One of the features of the Wizarding World of Harry Potter at Universal Studios theme park is “Interactive Wands” where you are able to move a special “Interactive Wand” to control various objects around the park. This feature is a lot of fun, and is where the original idea for this project came from. My son requested a Harry Potter themed birthday party for his most recent birthday, which is the event that caused me to actually create this project.
The interactive wand feature at the Wizarding World of Harry Potter seems to work by having IR lights that shine towards you, having that light reflect off your wand tip, and using an IR camera to to track the reflected light / the movement of the wand. This movement data is then processed by something behind the scenes and if that movement data corresponds to the defined spell the action is performed.
My version of this system consists of three parts: The Wand, The IR Light / Camera, and the processing software. I’ll write a post for each part. This one will cover the wand.
For my 3 year old son’s birthday last year he received a “Stomp Rocket Ultra” kit.Â The kit was awesome, and we had a great time.Â Eventually we wore the rockets out, so I decided to design a model we could use to 3D print more.Â It was a big hit, and we have since printed countless rockets.
In the above video you can see what I call my “Uno Attack Hack”. My hacked Uno Attack consists of an Uno Attack game that has been modified to allow me to secretly change the outcome of the game to my advantage. Â The hacked Uno Attack has four different operating modes that are set over a Bluetooth connection using an Android based program. Â The orientation of the Android phone determines which mode the hacked Uno Attack is in. Â The four modes are:
1. Normal – In normal operating mode it operates like a non-hacked Uno Attack. Â When the button is pressed there is a 1 in 3 random chance of cards getting shot out. Â The number of cards being shot out varies randomly between approximately 1 and 6. Â The hacked Uno Attack is in this mode when the phone is laying on a flat surface, screen up.
2. Don’t Attack – In this mode the hacked Uno Attack will never shoot out any cards. Â This is the mode that I will typically have it in on my turn, so I don’t get any more cards added to my hand. Â The hacked Uno Attack is in this mode when the phone is on its left side.
3. Timed Attack – In this mode the hacked Uno Attack is preloaded with an amount of time ( in milliseconds) that cards should shoot out for on the next button press. Â The amount of time is loaded into the hacked Uno Attack by standing the phone on end, then laying it flat again. Â The amount of time the phone was standing straight up will be the amount of time loaded into the hacked Uno Attack.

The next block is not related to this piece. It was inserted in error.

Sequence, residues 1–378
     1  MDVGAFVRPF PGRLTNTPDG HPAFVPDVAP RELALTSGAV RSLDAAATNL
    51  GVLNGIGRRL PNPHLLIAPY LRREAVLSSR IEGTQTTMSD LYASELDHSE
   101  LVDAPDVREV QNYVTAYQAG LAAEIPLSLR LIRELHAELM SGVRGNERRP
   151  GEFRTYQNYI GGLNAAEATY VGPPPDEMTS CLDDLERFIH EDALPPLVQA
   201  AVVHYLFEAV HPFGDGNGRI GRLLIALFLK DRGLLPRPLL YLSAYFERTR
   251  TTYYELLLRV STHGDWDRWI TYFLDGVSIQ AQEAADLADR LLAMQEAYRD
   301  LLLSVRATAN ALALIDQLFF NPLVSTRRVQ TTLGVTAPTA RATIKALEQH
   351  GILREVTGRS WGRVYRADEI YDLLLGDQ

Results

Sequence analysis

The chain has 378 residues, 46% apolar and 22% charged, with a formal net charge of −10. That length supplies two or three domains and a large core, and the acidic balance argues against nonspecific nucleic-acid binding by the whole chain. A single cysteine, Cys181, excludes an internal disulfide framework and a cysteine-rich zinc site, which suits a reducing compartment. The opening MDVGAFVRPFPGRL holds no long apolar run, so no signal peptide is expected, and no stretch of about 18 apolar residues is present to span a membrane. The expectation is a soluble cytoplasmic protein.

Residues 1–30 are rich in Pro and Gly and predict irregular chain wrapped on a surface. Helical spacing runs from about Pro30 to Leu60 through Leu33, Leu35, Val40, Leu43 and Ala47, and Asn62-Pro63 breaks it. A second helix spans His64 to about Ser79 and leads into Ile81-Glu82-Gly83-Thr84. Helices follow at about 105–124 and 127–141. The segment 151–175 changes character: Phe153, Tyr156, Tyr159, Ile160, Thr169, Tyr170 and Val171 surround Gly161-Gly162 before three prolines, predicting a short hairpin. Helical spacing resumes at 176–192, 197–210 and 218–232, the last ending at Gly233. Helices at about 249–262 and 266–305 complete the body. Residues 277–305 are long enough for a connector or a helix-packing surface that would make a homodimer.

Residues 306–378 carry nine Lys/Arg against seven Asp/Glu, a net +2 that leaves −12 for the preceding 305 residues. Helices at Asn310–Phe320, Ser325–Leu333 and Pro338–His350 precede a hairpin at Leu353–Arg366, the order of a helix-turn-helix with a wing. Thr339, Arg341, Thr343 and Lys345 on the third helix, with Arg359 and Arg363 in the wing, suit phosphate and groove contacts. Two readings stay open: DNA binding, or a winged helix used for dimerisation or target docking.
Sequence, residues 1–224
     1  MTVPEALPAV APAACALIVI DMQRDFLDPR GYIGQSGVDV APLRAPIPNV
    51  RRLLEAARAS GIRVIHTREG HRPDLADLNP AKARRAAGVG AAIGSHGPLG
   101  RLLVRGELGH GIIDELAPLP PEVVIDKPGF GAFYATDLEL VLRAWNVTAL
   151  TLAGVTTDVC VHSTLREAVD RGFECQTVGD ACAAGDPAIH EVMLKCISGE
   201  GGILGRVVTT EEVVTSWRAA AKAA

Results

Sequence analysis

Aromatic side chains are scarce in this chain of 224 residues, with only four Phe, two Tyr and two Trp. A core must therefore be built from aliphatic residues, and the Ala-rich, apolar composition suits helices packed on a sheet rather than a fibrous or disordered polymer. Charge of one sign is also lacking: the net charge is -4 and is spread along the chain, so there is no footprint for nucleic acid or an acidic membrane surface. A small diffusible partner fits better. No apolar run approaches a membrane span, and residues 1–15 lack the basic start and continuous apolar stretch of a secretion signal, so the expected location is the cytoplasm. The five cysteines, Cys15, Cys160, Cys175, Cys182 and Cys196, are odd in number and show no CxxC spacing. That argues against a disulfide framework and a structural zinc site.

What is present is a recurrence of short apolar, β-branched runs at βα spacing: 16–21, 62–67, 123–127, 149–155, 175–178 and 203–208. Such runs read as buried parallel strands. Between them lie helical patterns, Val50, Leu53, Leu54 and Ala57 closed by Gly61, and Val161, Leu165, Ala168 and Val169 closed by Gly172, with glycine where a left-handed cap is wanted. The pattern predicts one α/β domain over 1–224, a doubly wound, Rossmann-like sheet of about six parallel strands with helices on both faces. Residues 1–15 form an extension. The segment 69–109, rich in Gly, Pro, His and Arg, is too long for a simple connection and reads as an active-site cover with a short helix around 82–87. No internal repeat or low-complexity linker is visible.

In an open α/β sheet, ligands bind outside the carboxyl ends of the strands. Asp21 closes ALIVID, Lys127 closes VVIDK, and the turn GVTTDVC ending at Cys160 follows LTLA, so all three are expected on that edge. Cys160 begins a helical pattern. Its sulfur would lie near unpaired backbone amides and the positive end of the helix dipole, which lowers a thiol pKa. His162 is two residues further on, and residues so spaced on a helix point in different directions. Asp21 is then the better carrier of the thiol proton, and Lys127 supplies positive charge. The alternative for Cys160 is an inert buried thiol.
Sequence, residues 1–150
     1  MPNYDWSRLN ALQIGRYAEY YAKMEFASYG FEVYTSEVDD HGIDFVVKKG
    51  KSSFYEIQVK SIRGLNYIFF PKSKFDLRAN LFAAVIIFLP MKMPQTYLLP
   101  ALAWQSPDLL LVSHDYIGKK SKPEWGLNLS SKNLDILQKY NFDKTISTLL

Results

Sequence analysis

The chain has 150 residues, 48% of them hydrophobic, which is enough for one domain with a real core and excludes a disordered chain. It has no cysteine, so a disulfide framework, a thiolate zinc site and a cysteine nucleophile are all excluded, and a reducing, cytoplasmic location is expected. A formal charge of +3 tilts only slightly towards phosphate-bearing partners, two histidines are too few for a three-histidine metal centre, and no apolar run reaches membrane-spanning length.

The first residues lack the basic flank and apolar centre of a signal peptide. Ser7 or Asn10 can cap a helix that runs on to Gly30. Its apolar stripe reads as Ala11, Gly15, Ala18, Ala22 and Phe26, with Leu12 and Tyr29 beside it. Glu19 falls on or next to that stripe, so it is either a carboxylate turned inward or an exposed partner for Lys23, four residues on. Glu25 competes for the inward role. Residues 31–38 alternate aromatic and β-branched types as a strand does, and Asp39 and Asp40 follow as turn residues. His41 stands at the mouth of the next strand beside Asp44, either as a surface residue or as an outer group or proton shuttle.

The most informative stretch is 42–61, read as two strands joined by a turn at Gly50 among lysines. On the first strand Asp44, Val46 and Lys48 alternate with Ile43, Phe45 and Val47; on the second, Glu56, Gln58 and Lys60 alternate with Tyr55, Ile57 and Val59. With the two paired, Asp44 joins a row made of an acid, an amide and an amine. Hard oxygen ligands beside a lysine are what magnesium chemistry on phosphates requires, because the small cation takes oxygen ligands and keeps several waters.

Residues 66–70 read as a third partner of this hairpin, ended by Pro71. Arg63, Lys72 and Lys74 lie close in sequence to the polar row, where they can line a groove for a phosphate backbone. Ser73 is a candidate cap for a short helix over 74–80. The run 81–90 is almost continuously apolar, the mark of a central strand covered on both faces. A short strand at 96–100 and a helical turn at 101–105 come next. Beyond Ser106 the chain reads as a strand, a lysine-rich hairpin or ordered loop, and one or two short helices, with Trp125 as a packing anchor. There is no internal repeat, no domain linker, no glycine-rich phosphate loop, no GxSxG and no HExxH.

4. Attack Now! – In the mode, the hacked Uno Attack will start shooting cards without its button ever being pressed. Â This would be used near the end of a game, when you are ready to give away your secret, but want to really confuse the other players first. Â The hacked Uno Attack is in this mode when the phone is standing oriented upside down. Â Normal operating mode is returned once the phone is put flat again.
TheÂ originalÂ circuit board of the Uno Attack was completely replaced with a new custom made one using a PIC 16F88 and a RN-42 Bluetooth Module. Â If there is enough interest in this, I will post more information on the construction of this including source, schematics, etc.
v2.0 – 9/13/2010 -New: Updated User Interface! -Bug Fix: Several Force Close fixes -New: Touch Timer+ created, same as Touch Timer with no ads or analytics.
v1.6 – 9/1/2010 -Bug Fix: Fixed Force Close issue involving WakeLock. -New: Text Color Option for the countdown text. -New: Added Google Analytics to send back anonymous usage data to assist with future development.
v1.5 – 8/27/2010 -Bug Fix: Alarm Finished dialog no longer dissapears on orientation change. -Bug Fix: Alarm in Silent Mode now works properly on all versions of Android.
v1.4 â€“ 5/16/2010 -New: Icon updated to comply with Android 2.1 standards.
v1.3 â€“ 3/21/2010 -Bug Fix: Notification volume issues fixed. -Bug Fix: Now starts properly from the quick launcher.
I recently switched from an iPhone to the HTC Dream (T-Mobile G1) Android phone.Â I am a huge fan of the Android operating system and I started writing applications for it.Â My first application is “Touch Timer”. I developed this application after not being happy with any of the timer applications on the market.
Touch Timer is a countdown timer application with an intuitive touch interface.Â You input your time by scrolling up and down on the appropriate number or by pressing the plus and minus buttons.Â The alarm will go off even if the phone is asleep.Â You can set the alarm to honor or override the silent/vibrate mode depending on user preference.Â Alert sound is user selectable.
You can download Touch Timer for free from the Android market.
My second Android application is Risk Odds Calculator. Â This application will calculate the odds of an attacker winning any single attack in the game of Risk and its variants. Â The die selector for Attacker and Defender cycles through 3 types: none (black shadow), six-sided die, and an 8-sided die. Â There is also a list of modifiers that allow you to do more advanced calculations for some of the more complicated Risk games, such as Risk 2210 or Risk Godstorm.
If there are any modifiers that I missed that you would like to see added, let me know and I will try to add them in.
You can download Risk Odds Calculator for free from the Android Market.